I saw this online class, Rethinking Reference Collections, on Infopeople’s website and it got me thinking.
First things first, for those interested in the class here is the info: (It appears a course directed toward general library, not specifically medical library.)
Tuesday, September 20, 2011 – Monday, October 17, 2011
$75 for those in the California library community and Infopeople Partners, $150 for all others.
This four-week online course will encourage you to rethink your reference collection and identify changes that reflect today’s realities while promoting increased user and staff satisfaction. You will learn how to determine usage of print reference materials, make weeding decisions, and find sources for reviews of reference resources in both print and online formats. Through reading materials, assignments, discussion, and interaction with the instructor and other learners, you will explore ways to promote reference collections and resources to your user community. In the third week of the course, you will have an opportunity to participate in an online meeting to discuss collection evaluation and promotion of usage.
For more information go to: http://infopeople.org/training/rethinking-reference-collections
Now that the course information is covered, I can tell you how just the description started me thinking about reference collections and medical libraries. How many libraries keep the reference collection separate from the circulating collection? Why? Is it because of some old way of how we used to keep reference books separate? With some things it makes sense, you have one spot where all the dictionaries, thesaurus, drug books, etc. are located. But in some ways it doesn’t make sense (to normal people). You have Hurst’s the Heart and all other new cardiology textbooks on the reference shelves. To the average person, that means they have to go to two different places to find cardiology books, the circulating shelves and the reference shelves. Last year we started noticing that more and more of our patrons were having problems finding books. Some would go to the circulating collection and complain about the lack of current core textbooks, while others would go to the reference collection and lament that there were no books available to check out. People weren’t used to going to two places. When you think about it, why should they go to two places?
The locations were just there to help people realize what was available to circulate and what had to stay in the library. So we decided to merge the two sections together. Now reference and circulating books are shelved with each other. The reference book has a red dot on it, indicating it is reference and can’t leave the library. Now users can browse the shelves more efficiently and get better idea of our entire collection rather than walking back and forth.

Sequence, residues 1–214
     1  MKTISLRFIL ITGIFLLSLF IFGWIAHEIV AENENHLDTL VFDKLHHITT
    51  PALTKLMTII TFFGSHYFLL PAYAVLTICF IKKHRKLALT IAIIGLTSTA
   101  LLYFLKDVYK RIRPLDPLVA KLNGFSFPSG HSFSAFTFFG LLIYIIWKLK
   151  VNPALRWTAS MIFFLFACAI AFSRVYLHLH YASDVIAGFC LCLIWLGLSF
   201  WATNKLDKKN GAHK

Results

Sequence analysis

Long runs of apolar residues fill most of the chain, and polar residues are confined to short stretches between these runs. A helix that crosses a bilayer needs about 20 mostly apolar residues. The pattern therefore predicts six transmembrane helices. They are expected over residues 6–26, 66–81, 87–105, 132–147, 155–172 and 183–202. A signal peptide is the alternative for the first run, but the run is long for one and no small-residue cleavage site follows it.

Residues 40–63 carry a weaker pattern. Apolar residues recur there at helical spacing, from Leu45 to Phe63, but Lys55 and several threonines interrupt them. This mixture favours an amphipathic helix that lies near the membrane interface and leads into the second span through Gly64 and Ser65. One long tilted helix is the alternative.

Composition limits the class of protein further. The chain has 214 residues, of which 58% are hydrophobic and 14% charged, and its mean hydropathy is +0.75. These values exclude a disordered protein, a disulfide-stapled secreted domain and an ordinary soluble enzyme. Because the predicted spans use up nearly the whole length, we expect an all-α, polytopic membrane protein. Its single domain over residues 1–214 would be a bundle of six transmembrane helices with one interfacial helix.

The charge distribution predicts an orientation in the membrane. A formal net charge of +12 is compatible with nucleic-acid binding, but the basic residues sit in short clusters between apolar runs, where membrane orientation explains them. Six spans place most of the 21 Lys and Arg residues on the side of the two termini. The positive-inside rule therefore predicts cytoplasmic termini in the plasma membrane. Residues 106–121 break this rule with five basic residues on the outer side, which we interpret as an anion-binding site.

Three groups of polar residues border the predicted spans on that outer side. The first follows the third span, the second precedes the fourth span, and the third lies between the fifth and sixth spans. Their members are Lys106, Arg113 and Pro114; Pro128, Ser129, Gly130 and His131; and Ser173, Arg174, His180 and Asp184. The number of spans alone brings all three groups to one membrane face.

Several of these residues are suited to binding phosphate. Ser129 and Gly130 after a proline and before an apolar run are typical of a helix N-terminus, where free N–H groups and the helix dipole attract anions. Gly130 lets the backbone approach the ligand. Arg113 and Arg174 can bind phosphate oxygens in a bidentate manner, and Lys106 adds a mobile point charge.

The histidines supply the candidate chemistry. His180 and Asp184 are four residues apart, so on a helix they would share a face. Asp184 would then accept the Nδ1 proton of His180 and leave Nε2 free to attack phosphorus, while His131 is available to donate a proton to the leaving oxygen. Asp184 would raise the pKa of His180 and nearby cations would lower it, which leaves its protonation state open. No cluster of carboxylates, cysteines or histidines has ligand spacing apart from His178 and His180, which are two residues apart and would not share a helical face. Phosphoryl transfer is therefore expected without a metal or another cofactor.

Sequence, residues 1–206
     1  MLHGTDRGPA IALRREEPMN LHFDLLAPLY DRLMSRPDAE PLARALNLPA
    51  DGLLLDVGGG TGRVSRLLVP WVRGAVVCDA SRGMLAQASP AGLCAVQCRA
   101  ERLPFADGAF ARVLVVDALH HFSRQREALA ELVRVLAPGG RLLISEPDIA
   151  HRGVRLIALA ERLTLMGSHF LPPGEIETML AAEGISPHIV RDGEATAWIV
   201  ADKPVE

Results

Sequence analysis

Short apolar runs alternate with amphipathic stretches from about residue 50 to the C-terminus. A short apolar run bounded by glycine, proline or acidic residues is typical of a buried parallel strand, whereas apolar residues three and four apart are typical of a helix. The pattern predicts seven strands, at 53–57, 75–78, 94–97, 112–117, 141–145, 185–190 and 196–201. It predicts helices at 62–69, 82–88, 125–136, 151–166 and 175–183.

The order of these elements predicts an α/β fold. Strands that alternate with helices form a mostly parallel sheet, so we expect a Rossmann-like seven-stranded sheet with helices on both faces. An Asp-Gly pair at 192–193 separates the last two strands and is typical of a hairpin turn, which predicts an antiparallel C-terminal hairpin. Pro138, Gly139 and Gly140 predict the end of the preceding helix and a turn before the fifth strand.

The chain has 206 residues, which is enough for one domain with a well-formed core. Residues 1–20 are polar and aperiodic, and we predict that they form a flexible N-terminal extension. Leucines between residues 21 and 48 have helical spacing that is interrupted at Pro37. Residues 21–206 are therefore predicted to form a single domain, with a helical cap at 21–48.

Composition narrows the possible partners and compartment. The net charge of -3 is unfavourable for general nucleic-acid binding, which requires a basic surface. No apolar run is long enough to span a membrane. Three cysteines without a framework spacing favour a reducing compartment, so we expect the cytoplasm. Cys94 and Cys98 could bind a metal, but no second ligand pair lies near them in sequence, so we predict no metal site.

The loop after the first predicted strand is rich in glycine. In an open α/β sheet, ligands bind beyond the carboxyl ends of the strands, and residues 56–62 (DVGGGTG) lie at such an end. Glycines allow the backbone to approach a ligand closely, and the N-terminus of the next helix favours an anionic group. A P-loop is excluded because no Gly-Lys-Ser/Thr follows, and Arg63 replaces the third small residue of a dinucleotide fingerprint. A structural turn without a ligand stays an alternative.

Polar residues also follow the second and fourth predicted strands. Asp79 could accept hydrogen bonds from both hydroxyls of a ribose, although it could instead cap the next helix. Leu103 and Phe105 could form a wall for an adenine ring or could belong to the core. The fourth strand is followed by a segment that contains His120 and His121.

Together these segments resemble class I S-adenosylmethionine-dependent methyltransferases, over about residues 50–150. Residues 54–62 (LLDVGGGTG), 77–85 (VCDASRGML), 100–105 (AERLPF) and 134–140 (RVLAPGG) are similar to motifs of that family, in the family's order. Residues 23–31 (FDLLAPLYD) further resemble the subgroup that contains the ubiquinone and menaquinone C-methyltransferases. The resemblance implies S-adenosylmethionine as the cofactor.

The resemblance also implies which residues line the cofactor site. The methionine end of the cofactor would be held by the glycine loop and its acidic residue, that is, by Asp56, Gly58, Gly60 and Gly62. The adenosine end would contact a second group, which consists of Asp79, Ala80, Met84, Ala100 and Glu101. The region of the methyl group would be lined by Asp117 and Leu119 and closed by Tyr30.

Of course that just covers the reference collection in book form. That doesn’t really cover one of the major ways our reference collection has evolved. As a large institution that has over 41 buildings on more than 140 acres, not everyone is able to get to the library to use the reference books. Long ago we began purchasing electronic book packages containing popular reference book titles. These books allowed our users to access the “book” from any on campus computer or from home. This made the reference book “circulating,” it wasn’t locked up behind the library doors. Yes the printed edition was, but the online (and often more current) version was free from library confines.
There has been a lot of discussion about ebooks, usage (or lack of), pricing, available editions, DRM, multiple versions, etc. That doesn’t mean they are easy or that we don’t have any growing pains with them, we do. But people are using them, and using them a lot. Are they hitting the numbers that we see with ejournals, no. But they aren’t sitting on the virtual shelf barely used either. Perhaps it is because we are a large institution and our users don’t have time to trek across campus to look up something in the library, that they can access with a click of a mouse. One thing is for sure our medical reference collection is going more and more online every year.
The other reference collection that has shrunk considerably in the past few years is what I like to call the librarian reference. I remember when the MeSH guide was always within arms reach and the Encyclopedia of Associations was right behind me, The Official ABMS Directory, and the AMA Directory of Physicians were used a lot. About the only thing I use every once in a while is the AHA Guide. Everything is online. Why buy the print? Once the shelves behind the reference desk were full of books. Now….
What changes have you see in reference collections? How is your library changing with them? Besides moving to online, what are other changes that you see happening?